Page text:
There follows some very sensitive and clever interplay, evidence of exploring timbral montages and trying to move the spectrum morphologically, live/in real time, which is quite an achievement in my opinion and transcends the gestural free-for-all approach often found elsewhere.

The pace, the change of tack are excellent. Some sounds are just that tad bland and hackneyed but then there’s so much variety that this doesn’t take away too much from the quality of the listening experience. This might sound a bit odd and random, but I would love to hear this ensemble behind the screen at a puppetry or shadow puppetry performance (don’t underestimate this art form).

We end with sirens, clarinet and percussion. I even detected shades of new complexity; Birtwistle also came to mind.

With Vertex 4 we have another free jazz introduction, soon dominated by guitar, again Bailey-esque at times but with enough distinctiveness to stand out as a clear original voice, at last. Can you talk of a free improvising guitarist having a style? Well, Jerry Wigens certainly has – it grows on you. The call and response passages are sharp and tight, we have some wonderful interplay between guitar and vibraphone, then a deeply introspective passage unfolds. Can we have more of this please?

Next more stasis, repetition and ‘musical’ (in a conventional sense) development: recognisable chords and a measure of metrical stability. This more orthodox syntax, an interesting departure, offers ambivalent readings – ‘we can do this’, or perhaps we’ve reached the point of communal desire to settle down for a spell, because it is a settling down, this snuggling into recognisable idiomatic cushions. The straight into a shade too much self indulgence from guitar. As one myself, I know only too well that guitarists can get locked into something that’s interesting for them but perhaps less so for the listener. But then not everyone will hear it like me. I would say though that it’s miles better than some of the bottled sh*te that passes for free improvisation which I’ve had to endure in the past (and I too have a criminal record in this respect).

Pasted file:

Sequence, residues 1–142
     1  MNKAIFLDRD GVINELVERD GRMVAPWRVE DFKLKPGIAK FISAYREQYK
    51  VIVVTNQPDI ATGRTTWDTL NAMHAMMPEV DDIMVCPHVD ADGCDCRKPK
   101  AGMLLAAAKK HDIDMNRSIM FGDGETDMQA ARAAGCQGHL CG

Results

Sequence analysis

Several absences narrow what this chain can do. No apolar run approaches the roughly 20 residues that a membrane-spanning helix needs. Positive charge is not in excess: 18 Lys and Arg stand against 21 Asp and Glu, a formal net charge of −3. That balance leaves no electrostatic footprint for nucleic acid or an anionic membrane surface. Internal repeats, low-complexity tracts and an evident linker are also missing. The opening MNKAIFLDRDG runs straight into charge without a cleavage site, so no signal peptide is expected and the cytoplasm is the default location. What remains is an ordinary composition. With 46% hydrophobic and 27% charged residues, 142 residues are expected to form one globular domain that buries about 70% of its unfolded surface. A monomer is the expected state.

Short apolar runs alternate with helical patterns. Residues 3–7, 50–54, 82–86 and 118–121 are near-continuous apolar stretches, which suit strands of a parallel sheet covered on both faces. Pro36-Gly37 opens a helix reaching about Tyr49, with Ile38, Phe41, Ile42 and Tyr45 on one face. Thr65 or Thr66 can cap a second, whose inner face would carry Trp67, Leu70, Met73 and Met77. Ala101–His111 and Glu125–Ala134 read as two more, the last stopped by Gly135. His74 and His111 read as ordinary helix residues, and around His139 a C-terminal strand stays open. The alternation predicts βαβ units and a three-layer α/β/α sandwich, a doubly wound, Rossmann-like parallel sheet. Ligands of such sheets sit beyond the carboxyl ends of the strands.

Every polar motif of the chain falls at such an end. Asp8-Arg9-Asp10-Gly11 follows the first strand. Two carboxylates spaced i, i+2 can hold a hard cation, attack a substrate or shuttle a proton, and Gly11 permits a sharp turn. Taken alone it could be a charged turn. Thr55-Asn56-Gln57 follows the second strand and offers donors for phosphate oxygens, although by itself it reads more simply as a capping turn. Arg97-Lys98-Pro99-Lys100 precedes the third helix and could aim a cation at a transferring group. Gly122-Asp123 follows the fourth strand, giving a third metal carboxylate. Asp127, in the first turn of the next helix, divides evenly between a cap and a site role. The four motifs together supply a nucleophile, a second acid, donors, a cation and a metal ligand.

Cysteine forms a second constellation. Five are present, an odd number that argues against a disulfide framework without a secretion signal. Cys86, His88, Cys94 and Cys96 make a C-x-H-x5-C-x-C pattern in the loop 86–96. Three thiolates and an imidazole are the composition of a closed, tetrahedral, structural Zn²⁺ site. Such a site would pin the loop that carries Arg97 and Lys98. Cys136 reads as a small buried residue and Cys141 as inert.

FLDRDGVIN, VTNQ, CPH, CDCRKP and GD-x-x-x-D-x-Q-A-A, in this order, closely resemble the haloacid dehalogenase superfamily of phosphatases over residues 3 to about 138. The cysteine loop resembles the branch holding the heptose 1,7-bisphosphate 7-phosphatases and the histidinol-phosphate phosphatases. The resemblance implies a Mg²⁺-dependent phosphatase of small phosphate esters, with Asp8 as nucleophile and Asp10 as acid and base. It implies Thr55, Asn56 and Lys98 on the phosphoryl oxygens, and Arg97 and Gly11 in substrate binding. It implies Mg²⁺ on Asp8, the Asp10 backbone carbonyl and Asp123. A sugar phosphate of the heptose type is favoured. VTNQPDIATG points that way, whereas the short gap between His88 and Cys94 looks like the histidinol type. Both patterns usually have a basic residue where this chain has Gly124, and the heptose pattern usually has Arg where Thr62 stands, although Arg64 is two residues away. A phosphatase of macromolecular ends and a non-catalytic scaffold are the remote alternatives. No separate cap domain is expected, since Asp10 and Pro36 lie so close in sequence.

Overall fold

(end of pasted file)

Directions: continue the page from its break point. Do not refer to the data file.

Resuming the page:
If someone asked me to point them to new music I’d unapologetically direct them to this sort of thing because it is inventive, playful, often inscrutable, seemingly random (but not) – the list goes on. I wish I had musicians like this living near me. As a solo improviser it can be challenging to render the ideas inside your head with limited means. Here we have that phenomenon where a string quartet can sound like an orchestra – at times you’d never know there were only four of them.

Finally, buy this album, because it’s a gem of a work – repeat listenings will bring unique rewards: deft interplay, timbral clashes, a superior investigation of chance versus design.

…next up – the unreasonable acoustic antics of Tapemeister Rinus…